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Are Central Bank Preferences Asymmetric? A Comment

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  • Minford, Patrick

    ()
    (Cardiff Business School)

  • Srinivasan, Naveen

Abstract

A recent paper by Ruge-Murcia [European Economic Review 48 (2004), 91-107] on asymmetric central bank objectives provides a new perspective on the policy roots of inflation in developed economies. More precisely, the paper demonstrates that if the distribution of the supply shocks is normal, then the reduced form solution for inflation implies a positive (or negative) relation between average inflation and the variance of shocks. We argue that the evidence offered in support of this hypothesis suffers from lack of identification because Phillips curve nonlinearity combined with quadratic central bank preferences yield the same reduced form solution for inflation. If so, estimating reduced form for inflation will not be able to discriminate between these models. Yet they have quite different implications for policy. Other, structural, evidence is needed.

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Bibliographic Info

Paper provided by Cardiff University, Cardiff Business School, Economics Section in its series Cardiff Economics Working Papers with number E2008/5.

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Length: 13 pages
Date of creation: Feb 2008
Date of revision:
Publication status: Published in Economic Notes , Banca Monte dei Paschi di Siena SpA, vol. 37(1) (2008), 119-126
Handle: RePEc:cdf:wpaper:2008/5

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Keywords: Preference asymmetry; Phillips curve nonlinearity; Identification;

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  1. Orphanides, Athanasios & Wieland, Volker, 2000. "Inflation zone targeting," European Economic Review, Elsevier, Elsevier, vol. 44(7), pages 1351-1387, June.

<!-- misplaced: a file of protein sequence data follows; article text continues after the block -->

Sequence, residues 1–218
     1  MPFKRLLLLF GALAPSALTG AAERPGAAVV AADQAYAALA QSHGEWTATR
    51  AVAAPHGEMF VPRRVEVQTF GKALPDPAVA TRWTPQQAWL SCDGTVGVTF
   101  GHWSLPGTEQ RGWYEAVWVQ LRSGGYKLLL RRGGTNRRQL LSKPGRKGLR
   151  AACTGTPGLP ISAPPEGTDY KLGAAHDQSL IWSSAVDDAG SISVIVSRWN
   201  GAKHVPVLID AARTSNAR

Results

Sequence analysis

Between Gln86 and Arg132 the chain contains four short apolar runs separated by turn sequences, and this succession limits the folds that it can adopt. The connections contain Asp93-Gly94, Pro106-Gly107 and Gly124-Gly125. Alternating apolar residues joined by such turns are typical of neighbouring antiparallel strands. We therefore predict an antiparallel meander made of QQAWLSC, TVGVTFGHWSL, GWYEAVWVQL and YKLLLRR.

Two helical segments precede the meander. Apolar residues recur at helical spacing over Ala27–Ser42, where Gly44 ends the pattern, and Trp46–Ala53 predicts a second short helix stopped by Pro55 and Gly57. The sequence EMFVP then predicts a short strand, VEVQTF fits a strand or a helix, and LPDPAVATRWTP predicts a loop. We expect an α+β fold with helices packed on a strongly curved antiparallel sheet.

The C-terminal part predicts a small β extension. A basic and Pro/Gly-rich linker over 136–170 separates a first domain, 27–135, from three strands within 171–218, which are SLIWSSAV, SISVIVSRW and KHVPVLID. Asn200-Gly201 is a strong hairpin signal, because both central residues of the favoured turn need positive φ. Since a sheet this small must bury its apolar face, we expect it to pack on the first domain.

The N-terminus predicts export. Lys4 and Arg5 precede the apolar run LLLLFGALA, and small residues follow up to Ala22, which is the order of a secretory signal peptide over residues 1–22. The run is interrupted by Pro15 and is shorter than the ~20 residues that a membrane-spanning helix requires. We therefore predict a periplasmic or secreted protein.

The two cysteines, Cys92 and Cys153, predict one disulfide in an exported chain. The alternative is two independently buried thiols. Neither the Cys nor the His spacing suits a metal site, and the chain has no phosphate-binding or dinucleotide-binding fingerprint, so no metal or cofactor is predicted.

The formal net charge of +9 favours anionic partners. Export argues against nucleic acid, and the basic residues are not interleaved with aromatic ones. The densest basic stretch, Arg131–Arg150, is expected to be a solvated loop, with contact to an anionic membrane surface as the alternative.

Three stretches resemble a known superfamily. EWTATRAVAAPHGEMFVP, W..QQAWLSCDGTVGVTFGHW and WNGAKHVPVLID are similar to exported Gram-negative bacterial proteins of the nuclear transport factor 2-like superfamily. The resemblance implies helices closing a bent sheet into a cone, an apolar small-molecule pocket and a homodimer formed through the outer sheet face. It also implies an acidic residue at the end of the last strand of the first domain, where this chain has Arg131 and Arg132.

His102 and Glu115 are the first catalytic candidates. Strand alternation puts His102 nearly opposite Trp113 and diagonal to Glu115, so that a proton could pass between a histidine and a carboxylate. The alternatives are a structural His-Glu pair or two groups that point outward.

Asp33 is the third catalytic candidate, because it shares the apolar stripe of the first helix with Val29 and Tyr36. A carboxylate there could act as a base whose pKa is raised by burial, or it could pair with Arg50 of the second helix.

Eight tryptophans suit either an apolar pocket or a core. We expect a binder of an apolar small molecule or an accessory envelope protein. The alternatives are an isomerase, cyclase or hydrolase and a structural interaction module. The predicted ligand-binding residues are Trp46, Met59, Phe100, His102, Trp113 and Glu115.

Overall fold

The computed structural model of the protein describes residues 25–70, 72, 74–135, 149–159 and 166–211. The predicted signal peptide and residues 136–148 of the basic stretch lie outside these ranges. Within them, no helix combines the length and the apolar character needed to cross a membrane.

2. Alex Cukierman & Stefan Gerlach, 2003. "The inflation bias revisited: theory and some international evidence," Manchester School, University of Manchester, University of Manchester, vol. 71(5), pages 541-565, 09.
  3. RUGE-MURCIA, Francisco J., 2001. "The Inflation Bias When the Central Bank Targets, the Natural Rate of Unemployment," Cahiers de recherche, Universite de Montreal, Departement de sciences economiques 2001-22, Universite de Montreal, Departement de sciences economiques.
  4. A. Robert Nobay & David A. Peel, 2003. "Optimal Discretionary Monetary Policy in a Model of Asymmetric Central Bank Preferences," Economic Journal, Royal Economic Society, Royal Economic Society, vol. 113(489), pages 657-665, 07.
  5. Minford, Patrick & Srinivasan, Naveen, 2006. "Opportunistic monetary policy: An alternative rationalization," Journal of Economics and Business, Elsevier, Elsevier, vol. 58(5-6), pages 366-372.
  6. Alan S. Blinder, 1997. "Distinguished Lecture on Economics in Government: What Central Bankers Could Learn from Academics--And Vice Versa," Journal of Economic Perspectives, American Economic Association, American Economic Association, vol. 11(2), pages 3-19, Spring.
  7. Naveen Srinivasan & Vidya Mahambare & M. Ramachandran, 2006. "UK monetary policy under inflation forecast targeting: is behaviour consistent with symmetric preferences?," Oxford Economic Papers, Oxford University Press, vol. 58(4), pages 706-721, October.
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Cited by:
  1. Doyle, Matthew & Falk, Barry, 2010. "Do asymmetric central bank preferences help explain observed inflation outcomes?," Journal of Macroeconomics, Elsevier, Elsevier, vol. 32(2), pages 527-540, June.
  2. Pierdzioch, Christian & R├╝lke, Jan-Christoph & Stadtmann, Georg, 2012. "On the loss function of the Bank of Canada: A note," Economics Letters, Elsevier, Elsevier, vol. 115(2), pages 155-159.
  3. Srinivasan, Naveen & Jain, Sumit & Ramachandran, M., 2009. "Monetary policy and the behaviour of inflation in India: Is there a need for institutional reform?," Journal of Asian Economics, Elsevier, Elsevier, vol. 20(1), pages 13-24, January.

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